Hair loss that results from weight loss is a temporary condition that occurs when a person loses weight through restrictive dieting or weight loss surgery. Stress on the body or nutrient deficiencies may be the cause.
This type of hair loss is generally known as telogen effluvium, and it is a common cause of hair loss. It typically occurs about
Not all hair that falls out is hair loss. It is normal to lose about 50–100 hairs per day, according to the American Academy of Dermatology. This is known as hair shedding.
During telogen effluvium, however, much more hair falls out.
Some causes of telogen effluvium can include:
- losing a significant amount of weight
- giving birth
- having high levels of stress
- having high fever
- undergoing surgery
- experiencing illness, particularly with high fever
- stopping birth control pills
Telogen effluvium generally subsides within 6–9 months as the body adjusts to the changes.
Telogen effluvium following weight loss is sometimes the result of nutrient deficiencies in the diet and the cumulative effects of weight loss on the body. This is particularly the case if the weight loss is due to crash dieting, weight loss surgery, or restrictive dieting.
Proper nutrition is vital to the formation of healthy hair shafts and the promotion of hair growth.
Hair shafts undergo
- The anagen phase: This occurs when hair is growing and can last for several years.
- The catagen phase: This is a short transitional phase of a few weeks.
- The telogen phase: This is a rest phase of 3–4 months. At the end of this phase, the hair will fall out, and new hair will grow in the follicle.
Hair loss happens when stress on the body triggers the hairs to stop growing and enter the catagen phase too early. They will go on to the telogen phase and fall out prematurely.
Weight loss surgery
Although weight loss surgery can lead to reduced overall weight, it can also cause nutrient deficiencies that may lead to hair loss.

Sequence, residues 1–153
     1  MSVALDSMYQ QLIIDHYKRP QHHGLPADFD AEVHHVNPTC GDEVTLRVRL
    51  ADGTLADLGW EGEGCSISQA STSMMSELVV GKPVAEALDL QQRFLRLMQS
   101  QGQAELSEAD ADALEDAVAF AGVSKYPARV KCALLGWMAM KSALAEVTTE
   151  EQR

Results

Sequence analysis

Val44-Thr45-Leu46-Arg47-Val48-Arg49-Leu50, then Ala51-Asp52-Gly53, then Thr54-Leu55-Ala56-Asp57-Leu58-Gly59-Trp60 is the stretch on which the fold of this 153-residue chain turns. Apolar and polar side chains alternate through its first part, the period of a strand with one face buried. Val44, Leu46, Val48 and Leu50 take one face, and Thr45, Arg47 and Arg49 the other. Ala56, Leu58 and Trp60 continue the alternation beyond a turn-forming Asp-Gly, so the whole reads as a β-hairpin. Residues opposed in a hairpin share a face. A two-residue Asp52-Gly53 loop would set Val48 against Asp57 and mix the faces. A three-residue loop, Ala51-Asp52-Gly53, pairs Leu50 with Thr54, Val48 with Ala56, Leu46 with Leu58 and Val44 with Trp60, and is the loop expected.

For example, one
Hair loss due to weight loss is neither dangerous nor permanent. Generally, the body adjusts within a few months, and hair production resumes.
However, the nutrient deficiencies of a restrictive weight loss regimen can be damaging. For example, reducing the amount of iron in the diet
Iron deficiency anemia can lead to:
Additionally, severe calorie restriction can lead to malnutrition and accompanying issues, such as decreased muscle function, cardiorespiratory problems, stomach issues, suppressed immunity, and depression and anxiety.
Telogen effluvium after weight loss can be the result of nutrient deficiencies or losing a lot of weight too quickly.
Prevention and treatment of telogen effluvium focus on proper nutrition and diet. Maintaining a balanced diet while avoiding crash diets and quick fixes is important to long-term weight loss success as well as avoiding telogen effluvium.
If someone is already experiencing telogen effluvium but is no longer trying to lose weight, they will most likely find that the condition resolves in time once they address their nutrient deficiencies through diet and, if necessary, supplementation.
Individuals should consult a licensed nutritionist if they are unsure what the proper levels of these micronutrients and macronutrients are.
Hair loss after weight loss is a common occurrence that may be the result of stress on the body or nutrient deficiencies.
Experts generally refer to this as telogen effluvium. Telogen effluvium begins about 3 months after the initial weight loss.
The condition is usually the result of nutrient deficiencies that arise from severely restrictive dieting or weight loss surgery. It will generally resolve within about 6 months as the body adjusts to the weight loss.
To treat telogen effluvium, a doctor may recommend adjusting the diet to add iron, zinc, and other essential nutrients if a person has a clinical deficiency. At present, there is a